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Alice in Wonderland (1966)

Cast: Anne-Marie Mallik, Wilfrid Brambell, Mark Allington, more...
Director: Jonathan Miller
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Rating: Not Rated
Studio: Home Vision Entertainment
Genre: Foreign, Fantasy, UK
Running Time: 72 min.
Languages: English
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Synopsis
A subversive and haunting retelling of the classic children's story featuring legendary actors Sir Michael Redgrave, Sir John Gielgud, Leo McKern, and satirists Peter Sellers, Peter Cook, and Alan Bennett. This surreal masterpiece was filmed for the BBC by stage and screen director Jonathan Miller. Miller's Victorian Gothic version of "Alice in Wonderland" captures the menacing undertones of Lewis Carroll's story while poking fun at middle-class England.

GreenCine Member Reviews

Caution advised by MBreslau April 1, 2011 - 5:44 AM PDT
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If you have trouble falling asleep, this is the film for you.
If you can talk without moving your lips (as Alice can), this is for you
If you never read Lewis Carroll and are high on a recreational drug, you might like this.
Alice runs the complete emotional gamut from sullen and impassive to sullen and impassive. She makes Spock look emotional!
There are plenty of more enjoyable Alice in Wonderland films to choose from.

A Darker Alice by Saroz February 3, 2004 - 10:56 PM PST
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6 out of 7 members found this review helpful
This release of BBC-TV's 1966 black-and-white Alice in Wonderland is very fine indeed. The film is a surreal, theatrical, and dark Alice, designed as a dream version of Victorian life - there are no animal costumes here. The caucus race is a scene in a public school, the Caterpillar is a sort of headmaster, the trial is a massive church setting, and so on. Alice herself is almost completely impassive, and rarely speaks aloud; I found myself interpreting the whole thing as an autistic girl's skewed and nonsensical view of the world around her. Despite its short length, the film takes its time, and has a very dry sense of humor; I found it endlessly fascinating once I got into it, though. It's almost hypnotic - something greatly helped by Ravi Shankar's sitar music.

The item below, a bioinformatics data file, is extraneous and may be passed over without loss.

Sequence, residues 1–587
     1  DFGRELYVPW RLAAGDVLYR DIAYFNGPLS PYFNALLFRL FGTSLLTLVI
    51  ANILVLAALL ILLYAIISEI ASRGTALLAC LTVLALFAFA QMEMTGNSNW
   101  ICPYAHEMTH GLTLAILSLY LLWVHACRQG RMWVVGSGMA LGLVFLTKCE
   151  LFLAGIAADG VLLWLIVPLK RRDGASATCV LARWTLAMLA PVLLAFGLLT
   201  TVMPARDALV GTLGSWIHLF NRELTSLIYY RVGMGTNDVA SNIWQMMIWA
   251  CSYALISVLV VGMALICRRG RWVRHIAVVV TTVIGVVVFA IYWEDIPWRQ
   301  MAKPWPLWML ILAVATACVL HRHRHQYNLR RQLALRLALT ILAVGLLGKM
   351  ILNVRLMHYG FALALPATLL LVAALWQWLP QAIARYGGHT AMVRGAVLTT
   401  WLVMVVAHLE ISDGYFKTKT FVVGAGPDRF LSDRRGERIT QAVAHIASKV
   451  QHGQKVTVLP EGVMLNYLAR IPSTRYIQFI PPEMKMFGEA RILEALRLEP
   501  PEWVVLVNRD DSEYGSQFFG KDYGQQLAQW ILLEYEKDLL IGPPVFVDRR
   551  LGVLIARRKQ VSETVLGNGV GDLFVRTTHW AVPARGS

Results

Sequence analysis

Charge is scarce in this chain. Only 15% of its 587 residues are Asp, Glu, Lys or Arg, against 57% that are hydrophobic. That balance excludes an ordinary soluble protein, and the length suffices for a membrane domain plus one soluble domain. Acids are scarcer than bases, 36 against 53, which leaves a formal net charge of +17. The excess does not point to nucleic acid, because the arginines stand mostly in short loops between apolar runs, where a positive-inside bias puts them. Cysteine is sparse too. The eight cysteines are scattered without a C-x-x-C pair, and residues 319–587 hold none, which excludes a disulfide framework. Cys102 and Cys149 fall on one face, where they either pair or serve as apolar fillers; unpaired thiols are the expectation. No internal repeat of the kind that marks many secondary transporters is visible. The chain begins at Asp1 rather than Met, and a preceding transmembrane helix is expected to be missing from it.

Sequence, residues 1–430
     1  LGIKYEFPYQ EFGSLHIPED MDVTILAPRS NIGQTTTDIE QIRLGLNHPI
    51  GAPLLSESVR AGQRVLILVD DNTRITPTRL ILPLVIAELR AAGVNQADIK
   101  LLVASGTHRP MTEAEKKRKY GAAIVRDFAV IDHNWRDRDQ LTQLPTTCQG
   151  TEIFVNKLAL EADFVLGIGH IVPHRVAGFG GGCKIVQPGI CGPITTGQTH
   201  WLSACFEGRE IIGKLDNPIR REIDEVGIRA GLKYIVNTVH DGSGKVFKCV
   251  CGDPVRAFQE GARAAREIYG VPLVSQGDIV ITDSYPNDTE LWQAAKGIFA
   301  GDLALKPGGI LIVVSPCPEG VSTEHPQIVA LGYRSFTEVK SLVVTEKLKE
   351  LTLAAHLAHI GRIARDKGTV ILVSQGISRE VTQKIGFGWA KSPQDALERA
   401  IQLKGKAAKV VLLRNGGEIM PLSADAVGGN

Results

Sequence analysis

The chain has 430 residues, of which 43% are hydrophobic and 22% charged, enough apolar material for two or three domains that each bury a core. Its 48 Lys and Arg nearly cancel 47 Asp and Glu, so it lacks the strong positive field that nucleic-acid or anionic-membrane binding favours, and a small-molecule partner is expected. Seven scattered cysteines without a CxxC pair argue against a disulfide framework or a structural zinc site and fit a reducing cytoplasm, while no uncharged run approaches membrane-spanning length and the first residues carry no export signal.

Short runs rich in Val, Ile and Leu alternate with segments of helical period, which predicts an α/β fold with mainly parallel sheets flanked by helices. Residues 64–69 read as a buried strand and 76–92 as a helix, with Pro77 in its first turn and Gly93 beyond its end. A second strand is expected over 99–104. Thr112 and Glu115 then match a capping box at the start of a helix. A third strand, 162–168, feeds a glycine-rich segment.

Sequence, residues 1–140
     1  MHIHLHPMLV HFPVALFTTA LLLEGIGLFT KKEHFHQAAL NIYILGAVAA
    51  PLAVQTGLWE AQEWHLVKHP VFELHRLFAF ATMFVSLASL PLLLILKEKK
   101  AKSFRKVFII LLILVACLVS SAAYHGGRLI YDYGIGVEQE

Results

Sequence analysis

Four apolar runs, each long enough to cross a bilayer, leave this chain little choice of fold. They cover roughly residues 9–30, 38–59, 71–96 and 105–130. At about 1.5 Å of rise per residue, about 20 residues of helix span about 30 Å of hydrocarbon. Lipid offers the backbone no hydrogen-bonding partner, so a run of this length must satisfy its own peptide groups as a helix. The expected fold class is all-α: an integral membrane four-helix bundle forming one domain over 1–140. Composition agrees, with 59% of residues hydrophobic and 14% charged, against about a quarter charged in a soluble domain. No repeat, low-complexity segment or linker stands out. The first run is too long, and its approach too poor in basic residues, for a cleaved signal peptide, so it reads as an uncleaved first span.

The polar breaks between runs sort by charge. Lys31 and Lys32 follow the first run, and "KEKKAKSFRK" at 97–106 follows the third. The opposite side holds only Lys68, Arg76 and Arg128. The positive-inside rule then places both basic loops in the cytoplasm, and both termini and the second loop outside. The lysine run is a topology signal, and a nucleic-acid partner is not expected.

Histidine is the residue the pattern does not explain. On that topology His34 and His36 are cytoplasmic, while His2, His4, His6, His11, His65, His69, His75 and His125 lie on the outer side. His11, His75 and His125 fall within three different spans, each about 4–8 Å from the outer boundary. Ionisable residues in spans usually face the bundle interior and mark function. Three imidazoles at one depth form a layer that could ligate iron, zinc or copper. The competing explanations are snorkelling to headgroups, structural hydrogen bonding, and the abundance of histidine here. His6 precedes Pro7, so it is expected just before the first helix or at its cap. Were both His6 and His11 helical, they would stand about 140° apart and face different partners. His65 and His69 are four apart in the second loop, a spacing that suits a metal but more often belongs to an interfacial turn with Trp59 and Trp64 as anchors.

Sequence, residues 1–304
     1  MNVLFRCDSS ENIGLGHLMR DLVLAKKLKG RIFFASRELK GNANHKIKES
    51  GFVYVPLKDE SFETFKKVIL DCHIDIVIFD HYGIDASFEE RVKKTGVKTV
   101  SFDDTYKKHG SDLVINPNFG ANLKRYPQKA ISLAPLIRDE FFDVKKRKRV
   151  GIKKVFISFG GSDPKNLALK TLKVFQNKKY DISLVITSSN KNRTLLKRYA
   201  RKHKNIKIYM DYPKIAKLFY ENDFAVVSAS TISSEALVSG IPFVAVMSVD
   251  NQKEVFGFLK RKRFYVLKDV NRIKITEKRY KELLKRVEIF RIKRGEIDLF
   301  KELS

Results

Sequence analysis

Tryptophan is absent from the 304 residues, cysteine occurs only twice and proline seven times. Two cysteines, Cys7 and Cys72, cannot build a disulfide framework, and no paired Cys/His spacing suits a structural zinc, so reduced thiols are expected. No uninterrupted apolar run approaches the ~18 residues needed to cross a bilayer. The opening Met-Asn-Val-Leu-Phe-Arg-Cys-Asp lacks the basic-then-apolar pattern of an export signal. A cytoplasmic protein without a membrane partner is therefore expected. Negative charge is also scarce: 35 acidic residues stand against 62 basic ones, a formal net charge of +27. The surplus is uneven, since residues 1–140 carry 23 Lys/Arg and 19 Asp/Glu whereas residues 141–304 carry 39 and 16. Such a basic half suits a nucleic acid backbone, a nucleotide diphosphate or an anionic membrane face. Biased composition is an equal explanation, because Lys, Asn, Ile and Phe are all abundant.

The picture quality is excellent, and very unusual for British TV of this period. Director Jonathan Miller personally contributes an excellent commentary track, discussing the film's themes, his actors, and why he felt a darker Alice needed to be made. The disc is rounded out with a short picture gallery, and a real surprise: the first-ever Alice film, a 10-minute silent from 1903, with commentary. Really my only complaint is the lack of subtitles for the feature film; Alice's own dialogue is frequently whispered, and to the casual ear can be hard to decipher. Otherwise, this is a great film with an excellent DVD presentation that demonstrates quality over quantity. It comes very highly recommended.




GreenCine Member Rating
12345678910

(Average 6.53)
32 Votes
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Down the Rabbit Hole with Alice
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Lewis Carroll's immortal Alice in Wonderland has been the basis for an astounding variety of film and TV projects. Which ones are on DVD, and are they worth your time?
Saroz

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